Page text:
Arctic Research Commission – meeting

clip_image006 The US Arctic Research Commission will meet in Anchorage on January 21, 2011. 75 Fed. Reg. 79334 (December 20, 2010).

DHS – semiannual regulatory agenda

clip_image008 The Department of Homeland Security (DHS) published the semiannual regulatory agenda for itself and the various agencies within the Department. This is a rough prognostication of regulatory activity for the next six months and is only of interest to policy wonks. 75 Fed. Reg. 79787 (December 20, 2010).

OECD – Shipbuilding Agreement negotiations terminated

clip_image010 The Organization for Economic Cooperation and Development (OECD) issued a news release stating that it has terminated negotiations on a Shipbuilding Agreement. Negotiations had begun in 2002 and were paused in 2005. Despite intense efforts to restart negotiations, the differences of view amongst some parties on the treatment of pricing had proven impossible to bridge. (12/17/10).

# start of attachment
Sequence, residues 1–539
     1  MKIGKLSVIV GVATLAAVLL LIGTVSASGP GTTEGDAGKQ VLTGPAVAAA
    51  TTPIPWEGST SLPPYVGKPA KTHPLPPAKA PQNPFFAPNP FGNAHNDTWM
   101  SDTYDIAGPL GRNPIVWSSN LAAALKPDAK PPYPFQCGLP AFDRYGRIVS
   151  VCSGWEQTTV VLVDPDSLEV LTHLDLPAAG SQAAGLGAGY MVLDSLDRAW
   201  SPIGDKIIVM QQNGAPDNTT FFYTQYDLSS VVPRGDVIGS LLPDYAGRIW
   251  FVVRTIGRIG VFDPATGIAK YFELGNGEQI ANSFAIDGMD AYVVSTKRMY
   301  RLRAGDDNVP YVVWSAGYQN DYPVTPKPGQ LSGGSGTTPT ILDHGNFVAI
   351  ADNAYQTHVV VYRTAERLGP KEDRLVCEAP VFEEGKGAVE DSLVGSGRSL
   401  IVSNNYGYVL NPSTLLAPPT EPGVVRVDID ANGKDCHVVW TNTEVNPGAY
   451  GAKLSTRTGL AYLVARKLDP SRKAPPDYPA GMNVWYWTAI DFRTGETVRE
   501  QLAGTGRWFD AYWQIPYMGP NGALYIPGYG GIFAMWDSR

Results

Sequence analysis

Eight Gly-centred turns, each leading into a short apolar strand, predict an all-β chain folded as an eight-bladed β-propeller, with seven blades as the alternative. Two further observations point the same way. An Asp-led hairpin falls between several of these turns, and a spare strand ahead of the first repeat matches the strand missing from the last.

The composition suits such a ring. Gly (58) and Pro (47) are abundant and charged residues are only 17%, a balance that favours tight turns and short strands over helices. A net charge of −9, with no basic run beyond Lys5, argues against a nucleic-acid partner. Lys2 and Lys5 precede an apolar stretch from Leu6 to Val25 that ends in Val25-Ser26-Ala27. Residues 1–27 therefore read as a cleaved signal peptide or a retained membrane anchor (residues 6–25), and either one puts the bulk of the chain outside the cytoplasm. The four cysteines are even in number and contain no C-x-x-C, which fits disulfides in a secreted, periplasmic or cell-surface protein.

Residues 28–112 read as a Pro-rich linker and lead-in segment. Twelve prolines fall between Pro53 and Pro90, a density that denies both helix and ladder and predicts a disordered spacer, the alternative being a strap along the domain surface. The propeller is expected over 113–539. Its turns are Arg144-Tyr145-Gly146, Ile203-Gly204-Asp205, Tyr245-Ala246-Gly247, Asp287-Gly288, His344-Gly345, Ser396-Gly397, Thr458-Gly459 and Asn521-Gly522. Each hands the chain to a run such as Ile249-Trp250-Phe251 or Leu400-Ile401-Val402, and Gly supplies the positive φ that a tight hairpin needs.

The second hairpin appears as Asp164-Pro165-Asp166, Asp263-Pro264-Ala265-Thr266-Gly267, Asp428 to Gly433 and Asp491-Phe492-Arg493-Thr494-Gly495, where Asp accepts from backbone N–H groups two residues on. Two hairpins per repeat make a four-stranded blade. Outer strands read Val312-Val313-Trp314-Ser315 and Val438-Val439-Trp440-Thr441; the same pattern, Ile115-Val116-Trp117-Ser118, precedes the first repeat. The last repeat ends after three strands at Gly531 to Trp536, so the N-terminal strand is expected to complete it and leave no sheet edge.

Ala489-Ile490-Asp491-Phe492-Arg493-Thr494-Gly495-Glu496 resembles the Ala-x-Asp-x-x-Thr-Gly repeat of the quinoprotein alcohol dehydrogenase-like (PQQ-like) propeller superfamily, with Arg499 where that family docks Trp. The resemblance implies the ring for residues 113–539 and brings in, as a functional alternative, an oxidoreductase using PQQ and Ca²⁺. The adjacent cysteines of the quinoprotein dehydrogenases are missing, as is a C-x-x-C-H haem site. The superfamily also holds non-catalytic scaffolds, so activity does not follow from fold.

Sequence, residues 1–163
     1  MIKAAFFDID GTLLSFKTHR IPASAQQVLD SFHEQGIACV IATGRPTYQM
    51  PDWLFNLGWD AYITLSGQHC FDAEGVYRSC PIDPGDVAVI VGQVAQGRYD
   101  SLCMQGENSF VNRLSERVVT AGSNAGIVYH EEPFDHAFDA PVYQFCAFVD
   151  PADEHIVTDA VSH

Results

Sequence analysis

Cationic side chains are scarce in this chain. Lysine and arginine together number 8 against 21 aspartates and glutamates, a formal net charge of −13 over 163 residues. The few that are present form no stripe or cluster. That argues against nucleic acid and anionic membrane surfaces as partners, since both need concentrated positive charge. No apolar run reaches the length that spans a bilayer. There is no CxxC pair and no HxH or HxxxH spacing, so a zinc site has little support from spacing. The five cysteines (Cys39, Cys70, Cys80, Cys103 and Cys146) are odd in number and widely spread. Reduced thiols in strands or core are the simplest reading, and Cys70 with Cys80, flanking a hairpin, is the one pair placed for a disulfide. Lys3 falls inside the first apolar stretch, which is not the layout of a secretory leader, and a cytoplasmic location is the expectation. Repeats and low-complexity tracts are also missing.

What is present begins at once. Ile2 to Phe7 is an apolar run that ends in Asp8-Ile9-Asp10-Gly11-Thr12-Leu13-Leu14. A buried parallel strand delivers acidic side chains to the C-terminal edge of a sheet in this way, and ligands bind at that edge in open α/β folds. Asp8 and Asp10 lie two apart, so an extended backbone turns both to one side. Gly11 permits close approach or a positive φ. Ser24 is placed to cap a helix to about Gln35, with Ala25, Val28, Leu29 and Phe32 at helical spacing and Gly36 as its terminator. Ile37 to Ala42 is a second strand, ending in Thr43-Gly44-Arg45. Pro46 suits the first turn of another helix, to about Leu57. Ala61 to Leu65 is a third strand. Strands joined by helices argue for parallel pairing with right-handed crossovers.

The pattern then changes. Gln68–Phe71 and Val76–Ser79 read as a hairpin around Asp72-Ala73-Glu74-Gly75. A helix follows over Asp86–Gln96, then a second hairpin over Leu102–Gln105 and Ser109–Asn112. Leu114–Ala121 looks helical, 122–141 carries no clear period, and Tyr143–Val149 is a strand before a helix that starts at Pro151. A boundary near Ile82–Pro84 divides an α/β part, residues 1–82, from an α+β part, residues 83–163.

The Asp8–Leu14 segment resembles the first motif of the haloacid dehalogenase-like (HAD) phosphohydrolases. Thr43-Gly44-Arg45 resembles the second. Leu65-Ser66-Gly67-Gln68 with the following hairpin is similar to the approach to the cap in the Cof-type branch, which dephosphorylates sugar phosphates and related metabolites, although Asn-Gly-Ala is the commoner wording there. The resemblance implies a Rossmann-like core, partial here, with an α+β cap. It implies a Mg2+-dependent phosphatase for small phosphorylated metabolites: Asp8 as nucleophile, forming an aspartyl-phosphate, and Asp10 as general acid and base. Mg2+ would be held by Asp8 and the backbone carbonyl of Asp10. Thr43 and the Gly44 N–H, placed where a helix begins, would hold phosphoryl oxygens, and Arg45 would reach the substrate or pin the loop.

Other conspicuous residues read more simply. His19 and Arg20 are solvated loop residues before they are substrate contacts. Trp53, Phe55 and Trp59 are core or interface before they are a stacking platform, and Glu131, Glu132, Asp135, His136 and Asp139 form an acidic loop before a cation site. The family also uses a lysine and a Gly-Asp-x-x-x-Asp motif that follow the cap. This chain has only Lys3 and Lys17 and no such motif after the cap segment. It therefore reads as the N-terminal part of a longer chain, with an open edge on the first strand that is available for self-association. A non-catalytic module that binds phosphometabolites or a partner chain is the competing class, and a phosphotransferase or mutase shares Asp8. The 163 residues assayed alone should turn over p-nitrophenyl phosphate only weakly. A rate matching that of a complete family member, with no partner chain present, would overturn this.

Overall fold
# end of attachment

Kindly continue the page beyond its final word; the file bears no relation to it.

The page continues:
Somalia – sick crewmember lifted off hijacked vessel

clip_image012 The EU NAVFOR issued a press release stating that on December 17, warships from the Combined Maritime Force (CMF) and EU NAVFOR joined forces to medically evacuate a crewmember with suspected appendicitis from a hijacked chemical tanker. The MV Hannibal II had been hijacked by pirates on 11 November and was being held at anchor off Garacad, Somalia. The master of the freighter contacted authorities on 16 December reporting the crewmember’s condition and that he had reached an agreement with the pirates for the medical evacuation. The CMF Thai warship TNS Pattani used its rigid-hull inflatable boat (RHIB) to transfer the crewmember from the freighter. The crewmember was then transferred by helicopter to the FGS Hamburg, which had more suitable medical facilities. (12/17/10).

EC – maritime spatial planning

clip_image014 The European Commission (EC) issued a press release stating that sea-related activities in different sectors should be brought together within a common planning framework. To that end, the EC published a communication entitled Maritime Spatial Planning in the EU – Achievements and Future Development. (12/17/10).

Australia – report on engine room fire